“Isn’t It Romantic” () A visually and verbally ingenious sendup of romantic comedies that wears its candy heart on its sleeve. Natalie (Rebel Wilson), an entry-level architect at a New York firm where everyone takes advantage of her, wakes up after a mugging in an alternate universe. Suddenly, she’s the lucky — and literal — star of her own rom-com. But rather than take delight in this new world, she feels instantly trapped. The movie gives its audience credit as it dissects the cliches of the genre with a deft satiric touch. 88 minutes. (PG-13)

— Jane Horwitz, The Washington Post

STILL SHOWING

2019 Oscar Nominated Short Films — Animation (star rating unavailable) A screening of each 2019 Academy Award nominee in this category including “Animal Behavior,” “Bao,” “Late Afternoon,” “One Small Step” and “Weekends.” 60 minutes. (No MPAA rating)

— Synopsis from ShortsTV

2019 Oscar Nominated Short Films — Documentary (star rating unavailable) A screening of each 2019 Academy Award nominee in this category including “A Night at the Garden,” “Black Sheep,” “End Game,” “Lifeboat” and “Period. End of Sentence.” 111 minutes. (No MPAA rating)

— Synopsis from ShortsTV

2019 Oscar Nominated Short Films — Live Action (star rating unavailable) A screening of each 2019 Academy Award nominee in this category including “Detainment,” “Fauve,” “Marguerite,” “Madre (Mother)” and “Skin.” 109 minutes. (No MPAA rating)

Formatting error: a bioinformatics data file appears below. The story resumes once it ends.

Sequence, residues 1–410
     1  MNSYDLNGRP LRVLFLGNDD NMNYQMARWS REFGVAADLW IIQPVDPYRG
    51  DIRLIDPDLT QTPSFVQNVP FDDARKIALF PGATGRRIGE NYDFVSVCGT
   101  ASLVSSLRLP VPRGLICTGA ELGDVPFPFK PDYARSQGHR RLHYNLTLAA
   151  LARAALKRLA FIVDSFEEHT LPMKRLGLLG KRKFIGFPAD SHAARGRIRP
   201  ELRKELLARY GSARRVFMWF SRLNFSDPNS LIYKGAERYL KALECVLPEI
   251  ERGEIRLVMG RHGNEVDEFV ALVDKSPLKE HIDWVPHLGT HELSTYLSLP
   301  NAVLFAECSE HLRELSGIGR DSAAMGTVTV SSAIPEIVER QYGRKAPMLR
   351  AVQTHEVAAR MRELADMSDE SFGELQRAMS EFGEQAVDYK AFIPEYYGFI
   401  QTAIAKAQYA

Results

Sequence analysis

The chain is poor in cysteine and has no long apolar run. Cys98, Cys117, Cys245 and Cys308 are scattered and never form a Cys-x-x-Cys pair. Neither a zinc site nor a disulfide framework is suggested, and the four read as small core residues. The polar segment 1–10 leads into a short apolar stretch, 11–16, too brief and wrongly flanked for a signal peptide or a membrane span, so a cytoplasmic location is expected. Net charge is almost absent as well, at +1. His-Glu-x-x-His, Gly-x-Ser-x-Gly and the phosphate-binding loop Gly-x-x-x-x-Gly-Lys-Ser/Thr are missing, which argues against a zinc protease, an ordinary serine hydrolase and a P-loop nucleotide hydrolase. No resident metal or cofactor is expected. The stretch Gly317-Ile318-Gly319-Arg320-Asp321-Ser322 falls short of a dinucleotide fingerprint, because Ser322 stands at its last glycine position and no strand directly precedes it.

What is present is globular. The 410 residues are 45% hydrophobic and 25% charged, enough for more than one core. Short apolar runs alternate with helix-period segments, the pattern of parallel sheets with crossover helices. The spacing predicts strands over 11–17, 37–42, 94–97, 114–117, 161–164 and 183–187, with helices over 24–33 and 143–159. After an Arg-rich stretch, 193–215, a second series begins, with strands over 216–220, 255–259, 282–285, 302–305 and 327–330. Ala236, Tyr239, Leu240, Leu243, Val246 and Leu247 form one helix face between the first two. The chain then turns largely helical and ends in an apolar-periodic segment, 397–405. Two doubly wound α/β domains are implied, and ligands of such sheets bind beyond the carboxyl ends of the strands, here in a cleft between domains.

— Synopsis from ShortsTV

“Aquaman” () DC Comics superhero Aquaman takes center stage and Jason Momoa’s great in close-up, surly and charismatic. But watching this movie is like getting trapped in a Wisconsin Dells waterpark, over a long weekend. Without a bartender in sight. This film is weighed down by klutzy screenwriting, horror-inspired jump scares and protracted, numbing brutality. 143 minutes (PG-13)

— Michael Phillips, Chicago Tribune

“BlacKkKlansman” () Director-co-writer Spike Lee recounts the story of a 1970s police officer (John David Washington, in an immensely entertaining and powerful performance) who went undercover with the Ku Klux Klan, despite being black. Searing, electric and sometimes flat-out funny, it’s one of the best films of 2018. 135 minutes. (R)

— Richard Roeper, Chicago Sun-Times

“Black Panther” () Even if you’re not normally into the superhero genre, if you appreciate finely honed storytelling, winning performances and tons of whiz-bang action sequences and good humor, then you should see “Black Panther.” It’s one of the best times I’ve had at the movies this decade. 140 minutes. (PG-13)